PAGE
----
1. If sum(demand) < total_avail, then to_use == demand. In other words, if demand is lower than availability then demand is fully satisfied, regardless of guarantees. A good algorithm should not need to special case this explicitly, but simply degenerate to this when appropriate.

  2. If all(demand[d] > guarantee[d] * total_avail for d in D), then all(to_use[d] == guarantee[d] * total_avail for d in D). That is, if every demander demands to use more than is available, then their actual use (relative to others) is simply their guarantee[d]. This avoids higher-guarantee demanders starving lower-guarantee demanders.

The algorithm is as follows, described as executable Python:

"""
Basic bandwidth-allocation algorithm.

See bw_alloc_experiments.py in this directory for a more in-depth exploration
of the possible algorithms.
"""

from math import floor, isclose

def normalise(kv):
  """Normalise a set of values, so the sum is 1 but retain their proportions.

  Caller must ensure sum of values are non-zero.
  """
  s = sum(kv.values())
  return {k: v/s for (k, v) in kv.items()}

def allocate(total_avail, demand, guarantees):
  """Allocate resources, respecting relative guarantees.

  If any demander does not use up their guarantee, this will be allocated among
  the remainder according to their relative guarantees.
  """
  if any(not v > 0 for v in guarantees.values()):
    raise ValueError("invalid guarantees, not all +: %s" % guarantees)
  guarantees = normalise(guarantees)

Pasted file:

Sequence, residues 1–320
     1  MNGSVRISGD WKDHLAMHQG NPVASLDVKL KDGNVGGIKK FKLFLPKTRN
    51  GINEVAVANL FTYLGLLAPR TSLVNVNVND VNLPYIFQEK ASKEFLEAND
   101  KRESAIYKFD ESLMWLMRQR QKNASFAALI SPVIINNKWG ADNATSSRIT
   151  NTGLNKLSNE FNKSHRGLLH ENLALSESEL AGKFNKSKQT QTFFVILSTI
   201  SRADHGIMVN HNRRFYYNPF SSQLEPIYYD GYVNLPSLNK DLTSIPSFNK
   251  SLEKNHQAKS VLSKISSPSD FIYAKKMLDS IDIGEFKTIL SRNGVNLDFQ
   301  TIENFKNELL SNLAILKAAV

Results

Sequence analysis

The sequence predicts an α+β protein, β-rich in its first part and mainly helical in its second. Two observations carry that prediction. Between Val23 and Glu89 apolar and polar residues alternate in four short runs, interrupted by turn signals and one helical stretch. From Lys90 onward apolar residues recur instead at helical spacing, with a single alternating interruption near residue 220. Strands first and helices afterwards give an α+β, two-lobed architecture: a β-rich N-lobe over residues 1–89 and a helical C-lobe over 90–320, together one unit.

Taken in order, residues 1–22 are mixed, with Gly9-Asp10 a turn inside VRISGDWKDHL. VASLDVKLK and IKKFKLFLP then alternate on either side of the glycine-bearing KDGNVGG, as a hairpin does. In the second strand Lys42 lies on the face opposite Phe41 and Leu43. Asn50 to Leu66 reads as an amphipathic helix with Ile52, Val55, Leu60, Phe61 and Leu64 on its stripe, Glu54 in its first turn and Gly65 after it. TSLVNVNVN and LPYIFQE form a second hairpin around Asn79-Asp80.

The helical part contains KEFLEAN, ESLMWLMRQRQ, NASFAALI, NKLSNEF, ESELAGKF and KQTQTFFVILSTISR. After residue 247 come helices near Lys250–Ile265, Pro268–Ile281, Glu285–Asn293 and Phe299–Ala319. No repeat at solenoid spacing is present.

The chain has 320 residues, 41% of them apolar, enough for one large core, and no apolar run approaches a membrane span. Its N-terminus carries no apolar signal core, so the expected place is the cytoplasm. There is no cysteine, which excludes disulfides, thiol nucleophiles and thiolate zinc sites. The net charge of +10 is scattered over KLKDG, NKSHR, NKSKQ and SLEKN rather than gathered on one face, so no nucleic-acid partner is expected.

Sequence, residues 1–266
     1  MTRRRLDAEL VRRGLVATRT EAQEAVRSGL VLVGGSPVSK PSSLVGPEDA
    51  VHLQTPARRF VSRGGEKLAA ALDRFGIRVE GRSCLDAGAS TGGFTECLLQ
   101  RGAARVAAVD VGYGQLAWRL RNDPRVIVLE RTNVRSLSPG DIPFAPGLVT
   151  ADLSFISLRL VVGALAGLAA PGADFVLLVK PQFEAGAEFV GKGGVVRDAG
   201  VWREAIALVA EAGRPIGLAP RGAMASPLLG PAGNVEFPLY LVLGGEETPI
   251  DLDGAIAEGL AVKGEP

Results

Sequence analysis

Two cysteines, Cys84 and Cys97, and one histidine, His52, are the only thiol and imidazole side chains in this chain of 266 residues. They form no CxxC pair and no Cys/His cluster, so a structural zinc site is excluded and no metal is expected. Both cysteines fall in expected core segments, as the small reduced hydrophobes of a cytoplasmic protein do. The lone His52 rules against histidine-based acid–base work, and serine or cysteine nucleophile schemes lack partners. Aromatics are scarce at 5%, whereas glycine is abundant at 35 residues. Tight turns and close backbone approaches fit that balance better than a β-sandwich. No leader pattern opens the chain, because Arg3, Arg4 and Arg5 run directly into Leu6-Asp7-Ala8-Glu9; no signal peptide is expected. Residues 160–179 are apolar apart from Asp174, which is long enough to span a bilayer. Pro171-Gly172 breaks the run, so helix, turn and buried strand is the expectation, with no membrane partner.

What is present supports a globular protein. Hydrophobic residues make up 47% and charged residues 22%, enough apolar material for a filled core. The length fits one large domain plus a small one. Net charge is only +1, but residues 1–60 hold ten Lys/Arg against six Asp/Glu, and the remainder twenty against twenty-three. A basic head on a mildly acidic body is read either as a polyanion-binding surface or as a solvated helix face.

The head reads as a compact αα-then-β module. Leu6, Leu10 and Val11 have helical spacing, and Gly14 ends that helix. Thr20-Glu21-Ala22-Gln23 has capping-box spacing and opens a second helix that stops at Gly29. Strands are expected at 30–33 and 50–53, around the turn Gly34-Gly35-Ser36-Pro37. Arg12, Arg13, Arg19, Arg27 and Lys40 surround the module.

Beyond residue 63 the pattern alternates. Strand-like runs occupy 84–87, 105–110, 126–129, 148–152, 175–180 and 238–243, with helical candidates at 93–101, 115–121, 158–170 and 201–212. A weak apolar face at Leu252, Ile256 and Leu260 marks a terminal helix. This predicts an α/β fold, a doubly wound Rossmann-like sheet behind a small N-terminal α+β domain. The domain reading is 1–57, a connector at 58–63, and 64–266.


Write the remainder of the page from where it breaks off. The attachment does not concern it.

if any(v < 0 for v in demand.values()):
    raise ValueError("invalid demand, not all 0/+: %s" % demand)
  if total_avail < 0 :
    raise ValueError("invalid total_avail, not 0/+: %s" % total_avail)

  to_use = {k: 0 for k in demand}
  remaining_avail = total_avail
  remaining_demand = demand.copy()
  while remaining_avail > 0:
    used_this_round = 0
    relevant_remaining_demand = {k: d for (k, d) in remaining_demand.items() if d > 0}

    # relevant guarantees i.e. ignore roles with no remaining demand
    relevant_guarantees = normalise({k: v for (k, v) in guarantees.items()
                                     if k in relevant_remaining_demand.keys()})
    # iteration order doesn't matter due to our constraints for guarantees
    # see bw_alloc_experiments.py for details
    for k in demand:
      # remaining demand of k. we'll try to satisfy as much of this as possible
      if k not in relevant_remaining_demand: continue
      v = relevant_remaining_demand[k]
      # u is the max that can be satisfied this round, given the constraints
      u = float(remaining_avail) * relevant_guarantees[k]
      # x is what we'll actually satisfy, either u or v
      x = min(u, v)
      to_use[k] += x
      used_this_round += x
      remaining_demand[k] -= x

    remaining_avail -= used_this_round
    if used_this_round == 0: break
  # due to floating-point rounding, sometimes we are short by a few units,
  # just ignore it - if used_this_round == 0 we cannot improve any further.